Steve Evans asks a good set of questions about “second chances” over at By Common Consent. Underlying some of the comments there, and underlying much of our common understanding about receiving according to our works and desires in the next life is the assumption of a “final judgment.” This is a term we hear relatively frequently, but where did it come from? The scriptures never speak of the “final judgment.” The closest they get is referring to the judgment at “the great and last day.”
But in what sense is this judgment final? Are there really no more judgments after it? I doubt it. I think this is an interim judgment, just like the many interim judgments we have had prior to and during our earthly lives. And the “last day” referred to isn't really the last day -- there are other days that follow it; it's just “last” in a sense: in relation to a certain sphere. Similarly, I suspect that the “final judgment” is also only “final” with respect to a certain sphere, but that there are other spheres beyond.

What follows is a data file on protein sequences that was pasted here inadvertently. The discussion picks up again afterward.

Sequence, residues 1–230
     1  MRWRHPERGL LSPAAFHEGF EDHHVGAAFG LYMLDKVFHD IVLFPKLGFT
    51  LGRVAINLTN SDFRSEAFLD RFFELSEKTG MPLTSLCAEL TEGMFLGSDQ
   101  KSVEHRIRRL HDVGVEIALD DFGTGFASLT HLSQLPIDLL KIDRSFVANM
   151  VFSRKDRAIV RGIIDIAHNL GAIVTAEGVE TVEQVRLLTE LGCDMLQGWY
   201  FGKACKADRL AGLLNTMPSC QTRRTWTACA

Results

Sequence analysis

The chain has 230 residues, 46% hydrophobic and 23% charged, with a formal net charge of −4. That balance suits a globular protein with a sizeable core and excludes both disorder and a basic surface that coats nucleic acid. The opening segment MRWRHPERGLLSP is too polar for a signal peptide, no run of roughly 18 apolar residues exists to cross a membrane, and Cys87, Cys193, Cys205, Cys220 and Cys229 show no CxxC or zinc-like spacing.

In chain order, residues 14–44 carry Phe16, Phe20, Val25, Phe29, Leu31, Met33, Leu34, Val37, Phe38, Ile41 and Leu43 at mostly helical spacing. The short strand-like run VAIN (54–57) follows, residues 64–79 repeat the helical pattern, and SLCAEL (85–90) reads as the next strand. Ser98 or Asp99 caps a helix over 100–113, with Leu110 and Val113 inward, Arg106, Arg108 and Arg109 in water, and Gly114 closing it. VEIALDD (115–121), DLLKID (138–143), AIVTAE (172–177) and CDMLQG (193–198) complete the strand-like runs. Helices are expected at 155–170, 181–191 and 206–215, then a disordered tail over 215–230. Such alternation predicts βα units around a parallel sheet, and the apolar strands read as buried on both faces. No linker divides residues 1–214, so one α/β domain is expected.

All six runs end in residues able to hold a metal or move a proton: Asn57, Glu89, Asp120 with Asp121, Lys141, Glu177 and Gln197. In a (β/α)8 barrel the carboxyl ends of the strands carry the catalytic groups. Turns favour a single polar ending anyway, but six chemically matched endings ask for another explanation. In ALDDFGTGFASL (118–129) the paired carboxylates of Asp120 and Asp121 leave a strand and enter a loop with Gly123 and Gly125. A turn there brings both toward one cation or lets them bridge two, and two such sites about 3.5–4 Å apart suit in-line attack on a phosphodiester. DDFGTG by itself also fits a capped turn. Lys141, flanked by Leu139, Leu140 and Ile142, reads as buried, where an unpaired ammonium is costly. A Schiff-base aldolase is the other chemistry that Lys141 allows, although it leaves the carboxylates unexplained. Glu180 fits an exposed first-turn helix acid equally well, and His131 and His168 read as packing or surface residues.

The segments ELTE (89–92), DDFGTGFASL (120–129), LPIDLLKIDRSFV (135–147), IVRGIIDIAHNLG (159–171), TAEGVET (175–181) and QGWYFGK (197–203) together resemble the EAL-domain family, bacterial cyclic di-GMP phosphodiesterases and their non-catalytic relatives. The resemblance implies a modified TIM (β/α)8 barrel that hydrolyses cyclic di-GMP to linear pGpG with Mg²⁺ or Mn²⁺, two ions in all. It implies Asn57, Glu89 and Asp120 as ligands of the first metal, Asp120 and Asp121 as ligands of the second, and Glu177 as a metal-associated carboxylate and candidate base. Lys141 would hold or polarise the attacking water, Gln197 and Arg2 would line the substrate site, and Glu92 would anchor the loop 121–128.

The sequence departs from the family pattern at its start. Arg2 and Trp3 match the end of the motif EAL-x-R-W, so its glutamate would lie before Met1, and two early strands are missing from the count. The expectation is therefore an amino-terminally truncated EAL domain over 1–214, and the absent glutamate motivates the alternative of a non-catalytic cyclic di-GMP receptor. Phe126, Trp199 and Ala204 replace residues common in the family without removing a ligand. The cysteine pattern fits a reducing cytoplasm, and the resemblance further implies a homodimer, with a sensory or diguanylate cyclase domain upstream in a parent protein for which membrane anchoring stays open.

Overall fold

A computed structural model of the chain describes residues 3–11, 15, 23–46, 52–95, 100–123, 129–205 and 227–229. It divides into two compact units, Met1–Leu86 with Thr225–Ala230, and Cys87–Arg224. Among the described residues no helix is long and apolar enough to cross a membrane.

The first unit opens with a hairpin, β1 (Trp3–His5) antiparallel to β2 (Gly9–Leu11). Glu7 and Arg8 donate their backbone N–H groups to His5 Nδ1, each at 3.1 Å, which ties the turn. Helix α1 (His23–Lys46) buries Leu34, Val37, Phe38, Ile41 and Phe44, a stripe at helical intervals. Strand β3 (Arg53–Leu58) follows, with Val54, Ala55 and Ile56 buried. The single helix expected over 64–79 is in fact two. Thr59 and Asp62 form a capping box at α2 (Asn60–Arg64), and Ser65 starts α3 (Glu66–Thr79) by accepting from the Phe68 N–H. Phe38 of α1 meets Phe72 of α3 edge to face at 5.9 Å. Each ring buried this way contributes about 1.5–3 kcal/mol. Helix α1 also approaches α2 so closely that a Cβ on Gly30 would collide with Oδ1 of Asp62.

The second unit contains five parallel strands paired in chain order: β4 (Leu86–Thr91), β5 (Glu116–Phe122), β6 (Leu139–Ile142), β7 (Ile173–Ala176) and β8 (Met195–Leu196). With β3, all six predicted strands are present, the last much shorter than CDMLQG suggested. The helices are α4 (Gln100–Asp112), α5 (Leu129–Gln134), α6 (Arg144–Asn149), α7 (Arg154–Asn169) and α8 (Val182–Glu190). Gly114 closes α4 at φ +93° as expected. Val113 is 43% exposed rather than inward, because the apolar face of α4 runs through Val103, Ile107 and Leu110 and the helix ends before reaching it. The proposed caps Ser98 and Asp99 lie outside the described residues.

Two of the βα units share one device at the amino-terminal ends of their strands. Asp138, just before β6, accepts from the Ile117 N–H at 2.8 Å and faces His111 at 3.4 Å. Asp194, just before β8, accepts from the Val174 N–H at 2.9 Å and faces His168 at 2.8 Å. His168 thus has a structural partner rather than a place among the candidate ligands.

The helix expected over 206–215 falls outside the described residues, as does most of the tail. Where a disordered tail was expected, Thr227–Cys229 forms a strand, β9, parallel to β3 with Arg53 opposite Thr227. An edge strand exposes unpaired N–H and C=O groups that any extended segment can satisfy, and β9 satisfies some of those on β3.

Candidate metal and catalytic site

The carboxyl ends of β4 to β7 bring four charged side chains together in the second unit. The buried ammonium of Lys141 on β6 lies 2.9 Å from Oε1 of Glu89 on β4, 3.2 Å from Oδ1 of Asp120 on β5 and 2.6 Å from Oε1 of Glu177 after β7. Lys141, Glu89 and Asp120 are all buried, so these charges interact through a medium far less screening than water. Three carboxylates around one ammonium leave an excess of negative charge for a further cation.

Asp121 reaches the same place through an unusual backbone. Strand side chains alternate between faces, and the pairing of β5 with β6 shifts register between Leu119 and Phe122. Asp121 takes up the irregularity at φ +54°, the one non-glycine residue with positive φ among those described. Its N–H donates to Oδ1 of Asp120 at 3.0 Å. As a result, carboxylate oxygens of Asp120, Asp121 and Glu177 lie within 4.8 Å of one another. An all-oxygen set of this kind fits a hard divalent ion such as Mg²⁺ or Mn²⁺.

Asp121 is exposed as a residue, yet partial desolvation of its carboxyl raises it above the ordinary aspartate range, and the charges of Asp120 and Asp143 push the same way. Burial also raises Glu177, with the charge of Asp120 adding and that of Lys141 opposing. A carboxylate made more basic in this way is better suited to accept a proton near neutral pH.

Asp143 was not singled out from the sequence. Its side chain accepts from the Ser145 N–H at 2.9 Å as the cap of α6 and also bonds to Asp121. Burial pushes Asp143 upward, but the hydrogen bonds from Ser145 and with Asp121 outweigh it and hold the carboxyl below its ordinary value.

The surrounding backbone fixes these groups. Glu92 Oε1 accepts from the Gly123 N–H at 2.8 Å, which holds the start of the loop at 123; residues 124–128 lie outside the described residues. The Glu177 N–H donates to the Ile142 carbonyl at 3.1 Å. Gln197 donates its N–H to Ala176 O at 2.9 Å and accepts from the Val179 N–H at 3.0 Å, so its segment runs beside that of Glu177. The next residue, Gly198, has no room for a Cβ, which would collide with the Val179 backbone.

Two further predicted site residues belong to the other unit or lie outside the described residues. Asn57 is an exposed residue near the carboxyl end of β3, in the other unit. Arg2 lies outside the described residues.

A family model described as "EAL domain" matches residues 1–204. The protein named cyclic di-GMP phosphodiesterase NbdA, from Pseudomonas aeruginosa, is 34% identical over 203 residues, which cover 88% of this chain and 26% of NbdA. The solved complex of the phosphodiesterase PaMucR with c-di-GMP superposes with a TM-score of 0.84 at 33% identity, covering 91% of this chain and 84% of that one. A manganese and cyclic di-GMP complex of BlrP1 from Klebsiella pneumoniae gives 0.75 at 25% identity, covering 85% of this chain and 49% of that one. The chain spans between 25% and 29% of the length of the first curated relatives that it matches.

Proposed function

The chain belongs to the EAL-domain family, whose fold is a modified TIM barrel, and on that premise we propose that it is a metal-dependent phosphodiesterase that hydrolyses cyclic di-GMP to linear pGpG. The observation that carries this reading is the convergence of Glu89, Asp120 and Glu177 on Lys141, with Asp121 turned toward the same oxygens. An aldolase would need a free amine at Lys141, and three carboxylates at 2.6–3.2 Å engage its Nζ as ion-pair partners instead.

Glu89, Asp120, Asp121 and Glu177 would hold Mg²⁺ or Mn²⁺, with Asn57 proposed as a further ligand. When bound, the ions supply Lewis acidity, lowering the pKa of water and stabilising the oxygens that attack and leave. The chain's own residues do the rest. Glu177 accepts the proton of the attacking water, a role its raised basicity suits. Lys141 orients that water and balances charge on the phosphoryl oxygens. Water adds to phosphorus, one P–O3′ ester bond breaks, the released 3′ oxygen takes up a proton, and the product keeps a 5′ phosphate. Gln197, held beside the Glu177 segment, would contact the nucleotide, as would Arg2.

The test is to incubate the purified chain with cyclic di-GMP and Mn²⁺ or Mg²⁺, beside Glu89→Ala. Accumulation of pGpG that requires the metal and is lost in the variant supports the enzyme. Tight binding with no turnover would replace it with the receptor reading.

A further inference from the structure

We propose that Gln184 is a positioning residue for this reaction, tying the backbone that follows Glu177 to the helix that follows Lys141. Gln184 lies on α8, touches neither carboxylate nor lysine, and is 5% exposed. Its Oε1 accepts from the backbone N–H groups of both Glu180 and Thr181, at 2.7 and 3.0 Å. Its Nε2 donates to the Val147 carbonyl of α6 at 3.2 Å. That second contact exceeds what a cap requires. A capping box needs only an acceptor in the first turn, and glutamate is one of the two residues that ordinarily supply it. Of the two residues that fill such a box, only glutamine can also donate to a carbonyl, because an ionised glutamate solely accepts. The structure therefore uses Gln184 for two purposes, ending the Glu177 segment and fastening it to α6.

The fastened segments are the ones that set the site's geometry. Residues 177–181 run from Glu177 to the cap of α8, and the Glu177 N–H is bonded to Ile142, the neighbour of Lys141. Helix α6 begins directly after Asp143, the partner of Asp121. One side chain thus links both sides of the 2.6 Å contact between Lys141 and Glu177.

What might these other spheres be? And isn't it just speculation that there even are other spheres beyond what we know about? I can't answer the former question, but it is not just speculation that there are spheres beyond those we know about -- it's scriptural. From Doctrine & Covenants 130:9-11 (emphasis added):
This earth, in its sanctified and immortal state, will be made like unto crystal and will be a Urim and Thummim to the inhabitants who dwell thereon, whereby all things pertaining to an inferior kingdom, or all kingdoms of a lower order, will be manifest to those who dwell on it; and this earth will be Christ’s. Then the white stone mentioned in Revelation 2:17, will become a Urim and Thummim to each individual who receives one, whereby things pertaining to a higher order of kingdoms will be made known; And a white stone is given to each of those who come into the celestial kingdom, whereon is a new name written, which no man knoweth save he that receiveth it. The new name is the key word.
Steve asks why it is that “this life is the time for men to prepare to meet God,” if there really are “second chances.” I think the reason is that given in D&C 130:19: “If a person gains more knowledge and intelligence in this life through his diligence and obedience than another, he will have so much the advantage in the world to come.” I think it is also reflected in the parable of the prodigal son. And really, we're all the prodigals. We should be glad that there are second chances, because we all need them, and probably will for a good long time to come.